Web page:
Those dogs which go through GDV have to be taken in the emergency for the operation. This surgical procedure is done to de-rotate the stomach and the gastropexy tract. So, after making the stomach in a normal position, gastropexy is best to perform and prevents the reoccurrence of the GDV. For instance, the risk of gastropexy reduces up to 55 to 4 percent.

Prevention of GDV

The veterinarian will be tacking the stomach on one side in a gastropexy procedure. Thus, to hold the stomach in place, there will be prevention of twisting, which results in GDV. Moreover, there is a wide variety of suitable techniques to perform gastropexy. The common technique includes making an incision on the outer side of the stomach, and the corresponding incision will lie on the body’s wall, to relocate the stomach.
The incision allows the user to ensure bleeding tissue. The veterinarian will make two suture lines on the stomach to allow the bleeding tissue of the body wall and stomach to contact each other. Once the incision heals, it will create the scar tissue connection to hold the stomach at a place.
Gastropexies can be dealt with laparoscopy, including cameras and instruments inserted with small cuts in the body’s wall. Other than that, the endoscopy assists in viewing the esophagus and stomach. Nevertheless, laparoscopy and endoscopy are not common, and it is available in some specific hospitals only.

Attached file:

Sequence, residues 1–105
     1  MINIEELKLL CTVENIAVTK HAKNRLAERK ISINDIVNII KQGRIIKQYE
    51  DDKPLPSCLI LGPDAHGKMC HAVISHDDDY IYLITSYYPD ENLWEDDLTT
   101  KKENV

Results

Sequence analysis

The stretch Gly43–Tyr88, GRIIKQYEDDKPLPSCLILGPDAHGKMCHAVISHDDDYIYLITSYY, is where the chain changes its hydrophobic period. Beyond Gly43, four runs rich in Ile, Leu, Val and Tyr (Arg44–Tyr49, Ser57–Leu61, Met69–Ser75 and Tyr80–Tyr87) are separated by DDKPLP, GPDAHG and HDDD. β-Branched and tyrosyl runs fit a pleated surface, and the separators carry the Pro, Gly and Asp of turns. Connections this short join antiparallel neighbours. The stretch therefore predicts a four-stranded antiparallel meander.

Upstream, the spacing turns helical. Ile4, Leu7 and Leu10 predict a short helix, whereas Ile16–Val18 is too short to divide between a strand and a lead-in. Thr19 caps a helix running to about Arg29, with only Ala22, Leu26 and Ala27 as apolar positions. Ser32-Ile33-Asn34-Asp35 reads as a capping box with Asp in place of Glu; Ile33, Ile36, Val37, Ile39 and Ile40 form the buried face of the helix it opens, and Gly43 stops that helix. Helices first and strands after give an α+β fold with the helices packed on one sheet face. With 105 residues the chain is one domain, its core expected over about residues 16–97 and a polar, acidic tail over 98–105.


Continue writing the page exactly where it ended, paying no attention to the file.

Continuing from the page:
Is post-operative care necessary after the GDV correction with gastropexy?

Yes, post-operative care is essential after prophylactic gastropexies, performed after spay and neuter surgery. Besides, no additional care is required after the spay and neuter surgical procedures. But GDV is complicated, so the patient should be kept under post-operative care for seven days to provide perfect healing. In addition, it becomes crucial for the patient to become calm in the healing duration, and they should not run and jump during the protective period. Furthermore, the pets should not go bathing or swimming, so the sutures and incisions remain dry. Additionally, the veterinarian will give some medications to the dogs.
Undoubtedly, gastropexies are performed in the case of an emergency, and mostly the dogs have completely developed GDV. Thus, post-operative care is required for the patients. Also, the condition of the pet is noticed. The dog will be hospitalized for some days, and when the recovery becomes obvious, they are sent home. The veterinarian will recommend prophylactic gastropexy medications and diet to protect the gastrointestinal tract.

To Sum Up

Generally, the gastric dilatation-volvulus is a condition due to the gas accumulation in the stomach, twisted stomach, failure of eructation, increased gastric shock and pressure. Plus, it can be acute rarely, but the acute cases become fatal rapidly. For instance, deep-chested dogs have a higher risk of developing GDV. Thus, rapid diagnosis and surgical management lead to a better prognosis for large-chest dogs. The cost of GDV correction with gastropexy is $3,500. All in all, the gastric dilatation-volvulus treatment is possible with the two techniques to save the life of your pet.